Interestingly, recent discussions in combating racial disparity have started to raise concerns. We are now seeing both the far right and the far left arguing for the return of segregation. Though both are debating segregation for different reasons, ultimately, they are still advocating for policies that would bring back some forms of segregation. Specifically, the far-right fear that mixing races may lead to a white genocide but those on the far left fear mixing races will lead to black genocide.
There are examples of this similarity all across society. For example, the extreme left would want to implement gun control and ideally eliminate guns from society. Similarly, the far-right would like to ban abortions completely. These are authoritarian views of the world, and if implemented, people could argue that these policies would represent totalitarian regimes.
Is the political spectrum changing?
The political spectrum is not changing. What seems to be likely is that perception of the spectrum is changing due to news media. Yes, there are always extremes on both sides of the spectrum who lean favourably to authoritarian regimes. However, most left extremists are not authoritarian communists, and the right is not authoritarian fascists. Neither of the two is genuinely advocating for communist or fascist regimes.
Instead, there are now a handful of organisations and media personalities who have deep financial incentives to present politics in this way. Left-wing media (the vast majority of mainstream news) wants its viewers to feel like the right is leaning towards fascism. Right-wing news, and more importantly, right-wing social media influencers, want their viewers to believe the left want to create an authoritarian communist state.
However, if you converse with the ‘extremes’ on both sides, you’ll find that they don’t want to destroy the existing democratic political and economic systems. Instead, both wings wish to modify some parts of the system. Unfortunately, presenting politics in this way is ‘boring’ and does not bring in viewers.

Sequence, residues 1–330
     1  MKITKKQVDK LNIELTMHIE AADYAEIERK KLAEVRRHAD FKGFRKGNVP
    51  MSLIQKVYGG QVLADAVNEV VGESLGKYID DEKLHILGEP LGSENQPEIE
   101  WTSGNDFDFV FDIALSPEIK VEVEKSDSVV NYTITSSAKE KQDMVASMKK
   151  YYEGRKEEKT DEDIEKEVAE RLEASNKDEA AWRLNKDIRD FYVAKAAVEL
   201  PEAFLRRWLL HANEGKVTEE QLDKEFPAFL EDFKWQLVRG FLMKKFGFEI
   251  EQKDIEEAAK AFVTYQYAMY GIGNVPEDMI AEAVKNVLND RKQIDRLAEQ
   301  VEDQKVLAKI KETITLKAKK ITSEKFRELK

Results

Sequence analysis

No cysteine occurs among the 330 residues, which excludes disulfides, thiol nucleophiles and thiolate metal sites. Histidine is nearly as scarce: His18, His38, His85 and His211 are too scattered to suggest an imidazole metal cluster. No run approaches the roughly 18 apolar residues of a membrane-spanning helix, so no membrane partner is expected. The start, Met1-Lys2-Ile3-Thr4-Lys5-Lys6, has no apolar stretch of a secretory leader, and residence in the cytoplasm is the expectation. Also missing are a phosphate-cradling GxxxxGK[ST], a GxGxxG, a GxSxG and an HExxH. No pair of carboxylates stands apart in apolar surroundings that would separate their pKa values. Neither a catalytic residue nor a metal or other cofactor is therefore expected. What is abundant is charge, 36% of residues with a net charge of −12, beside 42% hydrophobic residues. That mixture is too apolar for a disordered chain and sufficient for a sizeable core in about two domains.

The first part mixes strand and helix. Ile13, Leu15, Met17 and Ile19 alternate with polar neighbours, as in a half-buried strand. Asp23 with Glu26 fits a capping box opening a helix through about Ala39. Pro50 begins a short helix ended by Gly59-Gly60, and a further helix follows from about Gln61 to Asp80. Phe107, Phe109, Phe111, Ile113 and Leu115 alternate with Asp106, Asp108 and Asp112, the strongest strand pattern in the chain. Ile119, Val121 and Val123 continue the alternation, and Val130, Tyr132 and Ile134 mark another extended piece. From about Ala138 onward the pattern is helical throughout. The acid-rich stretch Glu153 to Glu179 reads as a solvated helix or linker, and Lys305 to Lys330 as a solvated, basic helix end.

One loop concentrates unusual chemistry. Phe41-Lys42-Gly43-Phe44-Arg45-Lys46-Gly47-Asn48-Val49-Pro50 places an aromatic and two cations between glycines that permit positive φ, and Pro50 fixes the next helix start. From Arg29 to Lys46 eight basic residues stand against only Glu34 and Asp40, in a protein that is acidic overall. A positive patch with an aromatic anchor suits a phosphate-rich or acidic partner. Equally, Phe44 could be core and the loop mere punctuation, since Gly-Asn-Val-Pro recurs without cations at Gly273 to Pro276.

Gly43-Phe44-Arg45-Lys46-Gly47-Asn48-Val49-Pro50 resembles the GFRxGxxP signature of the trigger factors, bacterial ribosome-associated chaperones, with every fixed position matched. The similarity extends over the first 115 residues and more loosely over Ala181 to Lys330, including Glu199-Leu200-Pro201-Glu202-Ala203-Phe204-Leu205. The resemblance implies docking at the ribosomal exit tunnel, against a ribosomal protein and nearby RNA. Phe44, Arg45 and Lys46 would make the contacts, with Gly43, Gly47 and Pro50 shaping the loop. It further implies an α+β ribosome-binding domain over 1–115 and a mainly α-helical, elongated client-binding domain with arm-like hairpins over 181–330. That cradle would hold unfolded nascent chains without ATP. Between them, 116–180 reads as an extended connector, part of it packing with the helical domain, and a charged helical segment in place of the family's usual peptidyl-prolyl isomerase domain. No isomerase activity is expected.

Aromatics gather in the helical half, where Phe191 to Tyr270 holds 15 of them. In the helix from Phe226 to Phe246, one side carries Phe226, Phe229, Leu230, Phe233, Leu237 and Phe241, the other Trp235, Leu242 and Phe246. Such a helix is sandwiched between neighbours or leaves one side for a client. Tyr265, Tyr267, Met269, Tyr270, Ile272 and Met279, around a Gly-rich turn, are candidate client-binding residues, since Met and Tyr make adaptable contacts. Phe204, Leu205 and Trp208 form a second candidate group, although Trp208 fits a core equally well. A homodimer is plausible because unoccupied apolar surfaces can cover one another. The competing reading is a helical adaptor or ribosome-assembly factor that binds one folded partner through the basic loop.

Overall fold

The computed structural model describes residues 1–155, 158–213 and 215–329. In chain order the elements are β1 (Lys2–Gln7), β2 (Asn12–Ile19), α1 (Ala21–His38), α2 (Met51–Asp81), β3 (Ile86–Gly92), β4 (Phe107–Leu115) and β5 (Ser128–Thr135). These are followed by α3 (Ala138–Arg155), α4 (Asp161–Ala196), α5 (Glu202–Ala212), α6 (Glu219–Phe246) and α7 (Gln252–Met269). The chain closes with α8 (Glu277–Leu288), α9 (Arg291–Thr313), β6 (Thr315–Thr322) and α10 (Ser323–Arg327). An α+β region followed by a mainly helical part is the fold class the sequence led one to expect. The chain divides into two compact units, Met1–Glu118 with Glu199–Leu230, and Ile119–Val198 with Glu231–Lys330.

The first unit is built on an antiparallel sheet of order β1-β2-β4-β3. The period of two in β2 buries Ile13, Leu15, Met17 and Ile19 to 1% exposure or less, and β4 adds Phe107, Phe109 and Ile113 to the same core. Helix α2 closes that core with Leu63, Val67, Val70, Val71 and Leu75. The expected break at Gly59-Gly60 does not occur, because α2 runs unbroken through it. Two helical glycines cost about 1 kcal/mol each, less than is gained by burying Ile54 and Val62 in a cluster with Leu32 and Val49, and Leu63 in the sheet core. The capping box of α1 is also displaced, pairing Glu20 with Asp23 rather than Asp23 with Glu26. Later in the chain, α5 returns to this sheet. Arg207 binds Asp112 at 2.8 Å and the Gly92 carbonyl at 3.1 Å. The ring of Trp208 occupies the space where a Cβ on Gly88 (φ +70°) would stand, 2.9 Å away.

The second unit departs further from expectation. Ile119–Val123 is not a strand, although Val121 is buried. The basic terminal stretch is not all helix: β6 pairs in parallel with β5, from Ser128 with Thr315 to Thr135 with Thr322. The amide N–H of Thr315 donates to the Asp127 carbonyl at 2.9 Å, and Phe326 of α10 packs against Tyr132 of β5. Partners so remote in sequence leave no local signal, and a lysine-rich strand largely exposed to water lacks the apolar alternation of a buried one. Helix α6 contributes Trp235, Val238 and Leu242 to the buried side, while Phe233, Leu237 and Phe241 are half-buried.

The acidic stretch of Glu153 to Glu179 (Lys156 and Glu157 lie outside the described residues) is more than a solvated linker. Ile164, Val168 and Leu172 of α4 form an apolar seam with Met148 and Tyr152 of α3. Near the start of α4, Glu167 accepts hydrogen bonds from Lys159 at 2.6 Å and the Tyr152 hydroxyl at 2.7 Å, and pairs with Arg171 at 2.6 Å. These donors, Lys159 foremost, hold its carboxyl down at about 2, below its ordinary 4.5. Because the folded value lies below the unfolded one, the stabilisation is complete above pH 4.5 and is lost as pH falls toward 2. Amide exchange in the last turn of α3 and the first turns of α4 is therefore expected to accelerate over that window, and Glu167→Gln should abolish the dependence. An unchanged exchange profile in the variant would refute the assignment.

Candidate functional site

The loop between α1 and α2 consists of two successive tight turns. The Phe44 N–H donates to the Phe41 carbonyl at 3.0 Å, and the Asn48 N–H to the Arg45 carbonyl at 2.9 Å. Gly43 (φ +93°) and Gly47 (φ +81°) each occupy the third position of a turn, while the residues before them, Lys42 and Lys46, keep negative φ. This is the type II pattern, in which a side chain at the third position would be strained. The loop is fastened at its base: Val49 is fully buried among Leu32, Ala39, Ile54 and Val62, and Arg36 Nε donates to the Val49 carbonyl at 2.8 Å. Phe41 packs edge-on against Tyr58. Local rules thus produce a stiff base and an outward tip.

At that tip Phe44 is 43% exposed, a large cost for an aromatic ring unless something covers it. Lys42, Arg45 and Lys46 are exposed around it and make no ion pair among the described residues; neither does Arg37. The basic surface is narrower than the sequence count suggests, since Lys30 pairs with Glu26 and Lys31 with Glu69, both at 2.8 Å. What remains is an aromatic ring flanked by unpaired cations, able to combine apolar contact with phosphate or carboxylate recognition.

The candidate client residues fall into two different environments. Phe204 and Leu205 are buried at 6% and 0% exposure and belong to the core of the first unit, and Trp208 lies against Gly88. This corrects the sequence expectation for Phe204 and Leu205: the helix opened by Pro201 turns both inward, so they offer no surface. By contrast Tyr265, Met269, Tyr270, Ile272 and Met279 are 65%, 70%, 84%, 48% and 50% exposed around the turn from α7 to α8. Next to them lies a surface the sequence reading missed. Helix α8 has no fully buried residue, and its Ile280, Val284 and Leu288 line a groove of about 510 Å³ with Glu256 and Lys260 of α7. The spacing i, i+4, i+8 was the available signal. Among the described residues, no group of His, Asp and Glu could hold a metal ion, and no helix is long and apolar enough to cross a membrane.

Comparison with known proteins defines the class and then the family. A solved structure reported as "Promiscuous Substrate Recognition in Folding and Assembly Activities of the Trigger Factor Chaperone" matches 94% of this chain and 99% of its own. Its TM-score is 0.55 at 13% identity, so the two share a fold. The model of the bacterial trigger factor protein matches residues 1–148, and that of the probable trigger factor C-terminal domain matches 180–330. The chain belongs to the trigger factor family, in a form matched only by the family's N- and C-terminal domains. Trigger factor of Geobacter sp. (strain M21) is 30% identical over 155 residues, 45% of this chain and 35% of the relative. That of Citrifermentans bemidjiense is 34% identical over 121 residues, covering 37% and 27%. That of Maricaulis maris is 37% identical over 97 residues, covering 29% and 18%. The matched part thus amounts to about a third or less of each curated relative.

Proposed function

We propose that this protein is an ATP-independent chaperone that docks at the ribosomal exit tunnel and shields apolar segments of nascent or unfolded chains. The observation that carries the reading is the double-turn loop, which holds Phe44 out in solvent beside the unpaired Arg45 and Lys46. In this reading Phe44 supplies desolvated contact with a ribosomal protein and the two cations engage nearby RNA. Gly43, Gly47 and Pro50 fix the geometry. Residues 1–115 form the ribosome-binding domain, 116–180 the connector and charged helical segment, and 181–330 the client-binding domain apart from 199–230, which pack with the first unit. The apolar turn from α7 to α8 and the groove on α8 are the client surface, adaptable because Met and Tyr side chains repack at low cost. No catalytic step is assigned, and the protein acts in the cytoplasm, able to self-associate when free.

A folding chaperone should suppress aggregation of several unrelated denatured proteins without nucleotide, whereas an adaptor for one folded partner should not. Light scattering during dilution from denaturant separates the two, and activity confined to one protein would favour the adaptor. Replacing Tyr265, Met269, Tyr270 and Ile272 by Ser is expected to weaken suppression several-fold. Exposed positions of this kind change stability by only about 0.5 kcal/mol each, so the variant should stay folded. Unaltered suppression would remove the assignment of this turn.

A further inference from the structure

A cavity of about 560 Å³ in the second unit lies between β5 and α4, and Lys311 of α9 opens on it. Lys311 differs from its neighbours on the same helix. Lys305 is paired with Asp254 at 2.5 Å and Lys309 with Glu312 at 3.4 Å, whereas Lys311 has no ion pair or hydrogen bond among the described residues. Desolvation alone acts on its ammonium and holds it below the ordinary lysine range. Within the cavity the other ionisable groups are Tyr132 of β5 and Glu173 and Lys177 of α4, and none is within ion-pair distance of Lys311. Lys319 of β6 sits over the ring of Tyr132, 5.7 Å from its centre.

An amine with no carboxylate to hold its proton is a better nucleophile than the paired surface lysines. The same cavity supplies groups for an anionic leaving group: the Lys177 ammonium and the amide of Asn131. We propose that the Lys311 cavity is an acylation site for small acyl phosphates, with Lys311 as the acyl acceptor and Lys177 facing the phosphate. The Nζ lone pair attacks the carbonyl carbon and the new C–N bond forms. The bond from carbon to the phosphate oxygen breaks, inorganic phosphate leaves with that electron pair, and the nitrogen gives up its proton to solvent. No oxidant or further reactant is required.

The horseshoe theory has always been correct by definition. Implementing policies from either extreme of the political spectrum would inevitably lead to totalitarianism. For instance, if you implement a far-left anti-gun policy, there would be many people on the right who policymakers would have to control to execute the policy. However, this does not mean that you can group both ends of the spectrums according to ideology. Instead, it’s the method of implementing their ideology that is similar.
Both extremes on either side are completely separate entities with their own political beliefs. Their strategies to grow their brand of populism and the way both groups interact with society might be similar, but their ideologies are incredibly different. They are only similar in their opposition to the status quo. It’s more likely that to each group, the other is presented as advocates of authoritarian regimes when they are not.
The left-right political spectrum should not be about the methodology of governance (authoritarian vs liberal) or the perception of ideology by opposing groups. The spectrum should be about identifying and grouping the underlying economic and political beliefs of societies.